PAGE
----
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    National Lakeshore Michigan

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Sense of Silence

 
Objectives
Students will use their senses, prior knowledge and imagination to identify as many living organisms as possible in specific habitats, while constructing a story about the interaction of those living organisms with each other and the surrounding environment.

 
Method
Students will learn to use their senses in three different habitat settings on the local school grounds to identify specific living organisms in those environments. Each student will then use these organisms to create a story about the interaction of the organisms in their specific habitats, the activity will conclude with each student reading their story aloud. The class will evaluate the story based on the agreed upon criteria.

 
Background
Diversity in each habitat is a concept that can be reinforced by allowing each student the chance to spend totally alone time in what is called a "magic spot." These spots will be located on the local school grounds or on the school forest property if one is available. Examples might include a wetland, upland or meadow near your school. In their "magic spot" students will explore the idea of organisms interacting with each other to form an ecosystem. This is a good time to tap into the students' creative urge to write by having them describe this interaction.

The major purpose of this activity is to allow the students the opportunity to use their scientific knowledge in an individual creative way. This activity will culminate in the students reading stories to the class and evaluating the stories themselves.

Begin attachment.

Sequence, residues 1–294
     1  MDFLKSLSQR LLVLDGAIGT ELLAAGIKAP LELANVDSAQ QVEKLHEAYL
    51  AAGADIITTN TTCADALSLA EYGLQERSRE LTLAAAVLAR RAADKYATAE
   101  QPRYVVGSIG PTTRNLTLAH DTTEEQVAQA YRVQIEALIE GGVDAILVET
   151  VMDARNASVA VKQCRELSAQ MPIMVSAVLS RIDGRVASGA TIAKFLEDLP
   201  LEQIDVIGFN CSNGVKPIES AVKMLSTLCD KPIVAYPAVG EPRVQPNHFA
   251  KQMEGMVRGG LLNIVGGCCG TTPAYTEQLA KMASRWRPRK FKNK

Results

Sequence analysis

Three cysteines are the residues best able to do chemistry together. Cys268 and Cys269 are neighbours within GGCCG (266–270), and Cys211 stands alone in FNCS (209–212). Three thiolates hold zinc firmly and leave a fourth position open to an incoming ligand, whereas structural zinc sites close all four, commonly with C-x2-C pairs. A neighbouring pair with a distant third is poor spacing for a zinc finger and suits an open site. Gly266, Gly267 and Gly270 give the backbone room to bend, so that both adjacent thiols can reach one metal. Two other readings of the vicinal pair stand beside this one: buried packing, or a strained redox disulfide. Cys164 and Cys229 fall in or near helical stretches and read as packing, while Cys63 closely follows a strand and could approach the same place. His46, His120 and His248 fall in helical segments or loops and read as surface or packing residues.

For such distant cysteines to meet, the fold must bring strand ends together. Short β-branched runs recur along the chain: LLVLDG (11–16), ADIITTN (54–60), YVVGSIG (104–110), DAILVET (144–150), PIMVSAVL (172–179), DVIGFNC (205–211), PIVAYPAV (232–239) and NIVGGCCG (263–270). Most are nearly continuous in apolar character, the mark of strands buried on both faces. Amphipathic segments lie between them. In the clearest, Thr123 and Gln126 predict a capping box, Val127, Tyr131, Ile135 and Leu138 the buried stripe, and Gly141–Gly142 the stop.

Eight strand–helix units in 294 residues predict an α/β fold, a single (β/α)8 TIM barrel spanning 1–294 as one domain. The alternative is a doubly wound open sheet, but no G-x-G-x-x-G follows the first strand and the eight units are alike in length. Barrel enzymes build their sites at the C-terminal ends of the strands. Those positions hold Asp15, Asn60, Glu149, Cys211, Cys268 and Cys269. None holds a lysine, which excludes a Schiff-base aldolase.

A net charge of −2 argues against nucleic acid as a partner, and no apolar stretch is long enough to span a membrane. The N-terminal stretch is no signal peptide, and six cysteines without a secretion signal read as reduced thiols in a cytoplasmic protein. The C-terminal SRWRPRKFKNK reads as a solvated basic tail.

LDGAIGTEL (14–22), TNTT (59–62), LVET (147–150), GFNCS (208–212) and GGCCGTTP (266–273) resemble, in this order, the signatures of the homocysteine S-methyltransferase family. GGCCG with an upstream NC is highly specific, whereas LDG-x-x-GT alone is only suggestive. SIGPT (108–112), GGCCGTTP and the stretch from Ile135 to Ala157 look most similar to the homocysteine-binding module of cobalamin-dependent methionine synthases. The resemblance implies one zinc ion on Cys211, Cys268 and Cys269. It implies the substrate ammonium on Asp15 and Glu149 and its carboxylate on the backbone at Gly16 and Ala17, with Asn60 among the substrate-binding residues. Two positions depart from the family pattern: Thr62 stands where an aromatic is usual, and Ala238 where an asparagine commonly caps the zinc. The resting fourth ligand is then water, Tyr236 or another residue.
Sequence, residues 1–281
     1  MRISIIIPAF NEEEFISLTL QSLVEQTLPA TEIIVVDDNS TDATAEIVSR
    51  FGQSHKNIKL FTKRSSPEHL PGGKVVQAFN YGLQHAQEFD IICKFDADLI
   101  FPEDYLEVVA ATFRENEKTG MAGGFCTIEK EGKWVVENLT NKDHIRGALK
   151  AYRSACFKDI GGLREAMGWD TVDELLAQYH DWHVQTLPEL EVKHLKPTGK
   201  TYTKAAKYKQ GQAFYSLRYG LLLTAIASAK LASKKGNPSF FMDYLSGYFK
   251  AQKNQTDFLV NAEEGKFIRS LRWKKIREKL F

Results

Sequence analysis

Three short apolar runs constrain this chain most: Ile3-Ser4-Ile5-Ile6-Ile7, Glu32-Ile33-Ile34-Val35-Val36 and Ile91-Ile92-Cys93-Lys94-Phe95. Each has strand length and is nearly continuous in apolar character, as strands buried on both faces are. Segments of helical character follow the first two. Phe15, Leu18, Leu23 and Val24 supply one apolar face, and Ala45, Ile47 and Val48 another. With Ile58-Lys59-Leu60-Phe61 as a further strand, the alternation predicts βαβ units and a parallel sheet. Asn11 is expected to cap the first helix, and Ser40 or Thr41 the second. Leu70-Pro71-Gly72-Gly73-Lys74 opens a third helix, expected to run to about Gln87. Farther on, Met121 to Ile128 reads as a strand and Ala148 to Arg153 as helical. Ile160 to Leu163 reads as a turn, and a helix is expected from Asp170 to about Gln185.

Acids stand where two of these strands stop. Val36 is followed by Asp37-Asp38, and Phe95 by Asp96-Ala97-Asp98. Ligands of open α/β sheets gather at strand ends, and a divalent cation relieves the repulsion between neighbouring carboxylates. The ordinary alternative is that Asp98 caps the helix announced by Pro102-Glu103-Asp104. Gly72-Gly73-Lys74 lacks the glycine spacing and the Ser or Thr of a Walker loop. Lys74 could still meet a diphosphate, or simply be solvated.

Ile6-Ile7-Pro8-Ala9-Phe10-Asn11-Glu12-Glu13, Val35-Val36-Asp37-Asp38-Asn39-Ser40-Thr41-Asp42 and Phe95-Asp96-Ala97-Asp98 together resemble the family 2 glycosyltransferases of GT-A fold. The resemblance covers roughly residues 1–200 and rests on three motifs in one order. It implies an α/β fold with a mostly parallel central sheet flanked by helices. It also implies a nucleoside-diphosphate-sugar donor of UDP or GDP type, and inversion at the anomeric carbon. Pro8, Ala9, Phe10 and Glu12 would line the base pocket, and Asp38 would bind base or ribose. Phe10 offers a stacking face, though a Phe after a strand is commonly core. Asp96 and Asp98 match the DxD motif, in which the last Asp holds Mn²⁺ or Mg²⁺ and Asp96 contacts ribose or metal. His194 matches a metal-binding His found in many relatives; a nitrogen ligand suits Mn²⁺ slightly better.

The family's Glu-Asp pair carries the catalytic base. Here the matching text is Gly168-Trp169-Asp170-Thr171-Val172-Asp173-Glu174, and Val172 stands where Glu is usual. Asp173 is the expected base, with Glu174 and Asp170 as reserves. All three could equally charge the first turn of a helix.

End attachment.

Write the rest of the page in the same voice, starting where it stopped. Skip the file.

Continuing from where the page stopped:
Materials
Notebook and writing utensil with any field guides or resource material needed to identify basic organisms in those habitats being used. Dry, warm clothing, boots and something dry to sit on are also recommended.

 

Procedure

1. Students will be dropped off in each of three specific habitats near the school. Students will be at least 100 yards from one another to assure total privacy and eliminate any communication.

2. Students will choose a spot in which to sit. They will occupy that spot for 15 minutes in each of the habitats. They will record in their notebooks as many of the living things in that habitat as they can in that time period.

3. Students will then return to the room and be allowed the rest of the period to begin constructing a creative story relating the living organisms with each other. The same procedure should be used for each of the three habitats.

4. Remind the students to emphasize the interaction and importance of each organism to each other and how their interactions are important to the success of the ecosystem.

5. Criteria for evaluation will then be agreed to by each student and a rubric devised to use for that evaluation.

6. Students will then read their stories to the class for evaluation.

 
Evaluation
Students will use the rubric to evaluate the stories.

 

Did You Know?

The flowers of submerged buttercups rise above the surface of the water and can be quite showy, even when small.

Several species of plants in the Buttercup Family are aquatic, growing underwater in lakes and ponds. A few are even amphibious, meaning that a single plant lives partly on sand along a shoreline and partly submerged. Such plants have runners, like a strawberry plant, and grow roots along the runners. The submerged leaves appear quite different from the ones growing in air.